Why you need to be giving your dog a whole-food diet
Adele McConnell is the founder of Vegie Head, a website that was born after being constantly fed up and bored with seeing bland and uninspiring vegan recipes online. Adele is also a passionate dog owner and is a firm believer in the importance of creating healthy whole food doggy dishes for your furry pal.
Below Adele shares with us her journey that led her to be inspired to whip up special dishes for her dogs. She also shares a quick and easy recipe to get you started and a special discount code to her doggy recipe ebooks.
My love affair with dogs began when I was very young. My first dog, Chip, was a Pomeranian x Chihuahua, and had a wonky ear. Then came Saffy, a smart and beautiful Jack Russell, Timmy, a mutt who we found and looked after for a few weeks, Toby, a Pomeranian with severe skin problems, and then Marley. These were all family dogs, small, friendly and low maintenance.
I love a challenge however- so when I first moved out of home, I adopted Charlie. Charlie changed my life. She was a Labrador x German Shorthair Pointer, jet black with severe anxiety. She’d been beaten, abused and neglected. I worked with her solidly for months- getting her confidence up, her training up to scratch, and feeding her what I thought was high quality dry dog food.
She suffered from bad breath, an upset stomach, diarrhoea, and generally had a ‘dog’ smell. She wasn’t healthy. Her coat was lack lustre and she just looked flat.
A chance meeting at our local dog park introduced us to another person as crazy about his dogs as we were- Phivo and Augustine. Phivo was, at the time, working on a dog supplement. It was a booster powder, used with the dogs food, to ensure they were getting maximum nutrients. I started giving it to Charlie, along with the instructions for making food from scratch.
Before I knew it, I was spending more time cooking her dinner than I was my own!
Soups, stews, big pots of steaming vegies, healthy fats and no dry food. Immediately, her breath stopped smelling. Her stomach was no longer upset. Her poo was always beautifully formed. Her coat became sleek and shiny, and we were stopped by people everywhere who commented on how beautiful she looked.
A few years later, Hank came along. He’s the most beautiful 3 year old Golden Retriever in the World.He has super sensitive skin, and had some very sore and itchy ‘hot spots’ (like an overgrowth of yeast and bacteria on the skin, similar to eczema). We had to experiment with his diet a little bit, and give him different things than Charlie was getting.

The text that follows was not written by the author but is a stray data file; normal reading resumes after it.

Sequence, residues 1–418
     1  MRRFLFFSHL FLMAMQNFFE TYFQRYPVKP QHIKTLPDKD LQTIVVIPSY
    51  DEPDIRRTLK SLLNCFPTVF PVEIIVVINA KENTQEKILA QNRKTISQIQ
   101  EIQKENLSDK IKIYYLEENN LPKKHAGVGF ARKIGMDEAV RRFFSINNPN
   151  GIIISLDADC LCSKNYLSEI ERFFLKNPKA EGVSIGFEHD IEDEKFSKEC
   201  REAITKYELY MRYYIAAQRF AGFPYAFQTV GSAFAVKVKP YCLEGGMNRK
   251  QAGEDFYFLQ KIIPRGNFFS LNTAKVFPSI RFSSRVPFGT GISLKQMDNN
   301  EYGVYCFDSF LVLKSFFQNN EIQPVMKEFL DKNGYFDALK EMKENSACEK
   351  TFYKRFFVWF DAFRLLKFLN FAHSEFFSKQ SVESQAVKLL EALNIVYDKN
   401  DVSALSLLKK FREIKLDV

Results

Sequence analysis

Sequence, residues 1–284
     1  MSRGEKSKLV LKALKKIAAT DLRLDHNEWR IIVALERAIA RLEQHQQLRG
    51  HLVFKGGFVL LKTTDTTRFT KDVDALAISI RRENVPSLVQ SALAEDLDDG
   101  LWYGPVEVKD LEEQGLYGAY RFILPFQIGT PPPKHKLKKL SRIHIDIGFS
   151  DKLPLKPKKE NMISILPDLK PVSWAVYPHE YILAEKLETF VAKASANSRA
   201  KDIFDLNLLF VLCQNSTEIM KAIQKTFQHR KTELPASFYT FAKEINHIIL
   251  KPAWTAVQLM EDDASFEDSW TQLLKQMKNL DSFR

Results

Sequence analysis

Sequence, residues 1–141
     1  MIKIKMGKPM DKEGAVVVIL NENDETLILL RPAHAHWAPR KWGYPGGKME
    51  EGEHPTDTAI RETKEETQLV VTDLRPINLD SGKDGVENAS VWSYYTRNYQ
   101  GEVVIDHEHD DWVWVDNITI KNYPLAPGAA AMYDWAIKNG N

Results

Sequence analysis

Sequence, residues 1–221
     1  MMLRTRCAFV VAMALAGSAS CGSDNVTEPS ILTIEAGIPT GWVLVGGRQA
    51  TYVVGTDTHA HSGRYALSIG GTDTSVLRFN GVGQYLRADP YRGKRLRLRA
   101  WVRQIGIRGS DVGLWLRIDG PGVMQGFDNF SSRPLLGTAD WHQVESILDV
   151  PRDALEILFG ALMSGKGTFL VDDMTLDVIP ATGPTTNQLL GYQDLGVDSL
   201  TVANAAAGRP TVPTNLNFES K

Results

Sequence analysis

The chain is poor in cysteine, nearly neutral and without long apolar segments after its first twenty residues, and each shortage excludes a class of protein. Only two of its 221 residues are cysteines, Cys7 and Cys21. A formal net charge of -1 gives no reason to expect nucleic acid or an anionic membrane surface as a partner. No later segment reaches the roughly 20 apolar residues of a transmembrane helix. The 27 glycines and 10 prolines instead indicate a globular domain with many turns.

When Charlie was diagnosed with an advanced form of liver cancer, we were devastated. We were told she didn’t have long, and her mass, which was slow growing was going to get very aggressive, very fast. 11 days after she was diagnosed, we lovingly said goodbye, and she crossed that rainbow bridge to dog heaven.
It was and still is a very painful time; but we found solace in the knowledge that we gave her a great life, as short as it was, and her life was prolonged from good, organic food, clean filtered water, and lots of walks and love
We adopted Holly a month or so later. She’s an Irish Wolfhound cross, and is completely deaf. She was going to be shot on the farm she was born on, as she would be no use to the farmers who bred her. Luckily, she was surrendered, and found her way to us. Flea infested, miserable, underfed and ignored, this little darling was crying out for someone to love her.
When she first arrived, her appetite was insatiable. She would eat so quickly, as though she’d never eat again, or would miss out if she hesitated too long. This told me very quickly that she’d either missed out on meals before to other dogs, or hadn’t been given enough/or the right foods to fill her up.
Packet food and dry ‘biscuits’ or ‘kibble’ is like junk food for dogs. Filled with preservatives, additives, colours, flavours, fillers (wheat and gluten, mostly) and goodness knows what else, it would be like us humans eating overly processed packets of chips all day. Not good.
Once Holly became accustomed to our way of eating, her appetite changed. She began to get fuller, quicker. She ate more slowly, as if savouring every mouthful. She flourished right before our eyes. It wasn’t a surprise to us. We knew that by ensuring she was eating a wide variety of healthy foods, just like we’ve done with our other fur-children, that she would be in better health and better spirits.This way of dog-parenting isn’t unique; but it’s definitely under-utilised.
Not enough people are cooking their dogs quality meals, instead opting for cheap and convenient ‘fast food’. It’s the equivalent of highly processed junk food that humans often eat. I’ve heard all of the excuses:
“I don’t have time”
“It’s too expensive”
“My dog is a fussy eater”
And I’ve got an answer for all of them.
Make the time.
It’s cheaper than vets bills! And your dog is fussy because he’s used to junk food. As with humans, it’s a matter of ‘re-training’ their taste buds. It can be done quickly, relatively inexpensively, and done so that your dog loves it.
Here’s a recipe to help get you started…
THE BIG BREAKFAST BOWL
Take those leftovers and make them into a big bowl of goodies your pooch will love. Serves 1 large dog, or 2 small dogs. Can easily be doubled or tripled.
1/2 cup cooked qunioa
1/2 cup cooked lentils
1 cup leftover vegetables (steamed, blanched, roasted) 1 hardboiled egg, lightly mashed
1 carrot, grated
1 tablespoon finely chopped parsley
Arrange all of the ingredients in your dogs bowl, and sprinkle with the parsley. You can also add other leftover foods, like soups, stews and salads- providing they are all dog friendly.
Click here to purchase Vegie Head’s Delicious Doggy Dishes eBook!